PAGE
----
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Many French universities require their students to take exams remotely, often through a computer, without providing the necessary equipment to perform these tasks. And here I am not talking about covid-19 crisis but before the global pandemic.

I find this practice barely legal when the French education code requires establishments to verify that students have the technical means necessary to carry out exams.

The conditions for validating lessons, given in the presence of users or remotely, where applicable in digital form, are set in each higher education establishment at the latest at the end of the first month of the teaching year and they cannot be modified during the year. The validation of lessons, controlled by tests organized remotely in digital form, must be guaranteed by:

1 ° Verification that the candidate has the technical means allowing him to effectively pass the tests;

2 ° Verification of the candidate's identity;

3 ° Supervision of the test and compliance with the rules applicable to examinations.

Hence my question: Do universities have the right not to provide the material necessary for students to carry out exams remotely?

I know only one University that follow this rules in France : The Sorbonne, Paris. My University and all others I know doesn't respect it.

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  • they need to comply with all 3to offer it, right?
    – Trish
    Jul 23 '20 at 14:38
  • I don't know, this is why I ask the question
    – Taeith
    Jul 23 '20 at 14:48
  • What do you mean by not providing the material necessary for students to carry out exams remotely? There is no machine room anywhere in the university? Do you need any other special equipment to take your exam? Or is your issue that they haven't actively checked with you that you do in fact have a computer and/or booked a room for all the students who may not have one?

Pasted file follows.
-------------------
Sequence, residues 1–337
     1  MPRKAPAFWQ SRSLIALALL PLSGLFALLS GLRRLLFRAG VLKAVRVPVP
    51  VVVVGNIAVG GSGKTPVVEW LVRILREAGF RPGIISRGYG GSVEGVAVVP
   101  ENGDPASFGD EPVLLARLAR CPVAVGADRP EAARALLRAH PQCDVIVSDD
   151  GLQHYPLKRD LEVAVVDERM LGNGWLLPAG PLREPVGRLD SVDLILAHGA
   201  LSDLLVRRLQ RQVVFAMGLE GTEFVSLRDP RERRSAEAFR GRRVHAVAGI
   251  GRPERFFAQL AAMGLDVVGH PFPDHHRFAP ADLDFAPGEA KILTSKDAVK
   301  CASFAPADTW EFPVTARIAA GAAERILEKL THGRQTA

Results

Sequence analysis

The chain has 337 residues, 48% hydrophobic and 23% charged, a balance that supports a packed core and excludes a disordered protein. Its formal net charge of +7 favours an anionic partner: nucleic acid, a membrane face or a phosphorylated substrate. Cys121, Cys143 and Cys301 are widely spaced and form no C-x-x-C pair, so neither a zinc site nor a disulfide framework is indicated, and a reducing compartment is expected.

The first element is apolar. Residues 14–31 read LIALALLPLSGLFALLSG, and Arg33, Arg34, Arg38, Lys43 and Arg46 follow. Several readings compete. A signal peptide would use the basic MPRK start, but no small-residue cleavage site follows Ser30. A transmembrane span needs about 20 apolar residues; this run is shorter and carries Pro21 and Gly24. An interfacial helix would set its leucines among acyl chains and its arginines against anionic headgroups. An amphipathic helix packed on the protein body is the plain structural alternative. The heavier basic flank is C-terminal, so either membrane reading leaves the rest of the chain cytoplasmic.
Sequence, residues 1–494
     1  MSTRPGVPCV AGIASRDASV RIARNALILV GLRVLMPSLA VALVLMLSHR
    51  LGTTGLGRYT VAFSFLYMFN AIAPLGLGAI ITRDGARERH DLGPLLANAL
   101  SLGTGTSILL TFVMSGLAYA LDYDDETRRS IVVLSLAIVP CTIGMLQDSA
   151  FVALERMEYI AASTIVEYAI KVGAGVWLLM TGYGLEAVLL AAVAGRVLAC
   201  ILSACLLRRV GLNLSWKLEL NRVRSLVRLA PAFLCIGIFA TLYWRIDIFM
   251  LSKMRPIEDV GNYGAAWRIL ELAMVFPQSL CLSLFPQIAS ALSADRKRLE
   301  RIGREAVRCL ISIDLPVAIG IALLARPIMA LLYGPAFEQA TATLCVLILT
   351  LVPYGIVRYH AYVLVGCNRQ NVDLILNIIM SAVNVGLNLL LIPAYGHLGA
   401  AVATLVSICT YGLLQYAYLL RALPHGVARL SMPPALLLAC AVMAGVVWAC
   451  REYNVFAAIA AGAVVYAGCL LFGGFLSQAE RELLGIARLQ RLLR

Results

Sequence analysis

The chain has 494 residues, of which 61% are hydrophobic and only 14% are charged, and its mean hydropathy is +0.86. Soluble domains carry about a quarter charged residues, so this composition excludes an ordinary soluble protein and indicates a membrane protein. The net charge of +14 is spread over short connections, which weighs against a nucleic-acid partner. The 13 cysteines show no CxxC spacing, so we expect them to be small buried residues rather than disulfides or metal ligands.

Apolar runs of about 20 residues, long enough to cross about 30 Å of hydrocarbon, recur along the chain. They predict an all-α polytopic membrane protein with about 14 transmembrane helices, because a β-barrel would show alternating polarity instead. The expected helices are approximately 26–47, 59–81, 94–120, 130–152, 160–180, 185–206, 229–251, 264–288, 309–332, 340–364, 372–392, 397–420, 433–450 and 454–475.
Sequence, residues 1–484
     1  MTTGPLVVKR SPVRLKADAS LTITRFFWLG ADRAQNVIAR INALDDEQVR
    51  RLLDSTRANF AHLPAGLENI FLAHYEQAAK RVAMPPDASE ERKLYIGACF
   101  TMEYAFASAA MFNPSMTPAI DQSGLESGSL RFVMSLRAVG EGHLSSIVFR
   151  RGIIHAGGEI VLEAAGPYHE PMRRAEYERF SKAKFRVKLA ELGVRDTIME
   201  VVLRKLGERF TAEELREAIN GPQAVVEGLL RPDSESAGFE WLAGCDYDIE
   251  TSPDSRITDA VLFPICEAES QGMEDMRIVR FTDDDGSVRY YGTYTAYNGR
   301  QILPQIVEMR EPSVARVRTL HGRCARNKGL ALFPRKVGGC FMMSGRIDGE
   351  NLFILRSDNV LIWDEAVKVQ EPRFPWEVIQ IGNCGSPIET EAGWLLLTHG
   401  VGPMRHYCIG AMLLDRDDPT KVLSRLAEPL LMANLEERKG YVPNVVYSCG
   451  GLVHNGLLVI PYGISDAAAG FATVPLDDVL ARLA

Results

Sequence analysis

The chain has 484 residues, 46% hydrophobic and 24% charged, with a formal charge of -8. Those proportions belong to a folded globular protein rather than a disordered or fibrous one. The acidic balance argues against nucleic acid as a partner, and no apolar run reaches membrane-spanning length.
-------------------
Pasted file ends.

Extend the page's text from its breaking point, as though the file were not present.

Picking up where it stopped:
– Relaxed
    Apr 19 at 20:57
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To comply with the rules that allow them to take tests remotely, they'd have to comply with all requirements. If they can't comply with all three requirements, they are not allowed to offer these remote tests.

But what do the parts mean? Stanca 2, verification, can be solved easily. 3 can be solved by simply allowing all sources and making sure that the questions are complex enough so that wild googling doesn't help to work it out in the time limit. LEaves 1, the means.

Here there are several general approaches: On the one hand, they could make sure that the means to do the exam are as low as possible - which could be as low as "send an E-mail with your answers in clear text to the office with a timestamp no later than XY:AB, questions appear on the internet under test.com at AB:XY."

The other, more complex solution, would be to do the test via a web-app that then needs to run on any usual browser and there have to be (mandatory) means to test so beforehand.

The most restricting approach would be the one followed by the Sorbonne: Specific software that monitors the student during the examination. This could raise privacy concerns, but you can contract away a lot of freedoms...

The rules as stated don't specify how the goals are to be achieved, so it is up to the university to invent a system that they are happy with and that aims for the three given goals while adhering to the rules. They also don't require the university to hand out laptops or such, but renting out tablets to take the exams on could be one solution to help lessen the burden on low-income students.

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  • Sorbonne University has installed software on computer that use webcam to detect identity of student and cheating. Universities state that this is the best solution but french center of liberties state that it against students individual liberties.
    – Taeith
    Jul 23 '20 at 15:56
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    @Taeith you'd be surprised how many rights you just can contract away for some time, including being filmed and highly monitored during a test.
    – Trish
    Jul 23 '20 at 17:15
  • This is more from my experience at a US university, but there we had an actual requirement to own a laptop in order to attend class. It was the sort of thing that would get covered by financial assistance if you didn't own one, but there weren't university issued devices. I wouldn't be surprised if most of these French universities have a similar requirement.
    – Kommissar
    Jul 23 '20 at 17:55
  • @Kommissar They definitely don't.
    – Relaxed
    Apr 19 at 20:52
  • @Trish Is there a contract here?
    – Relaxed
    Apr 19 at 21:04

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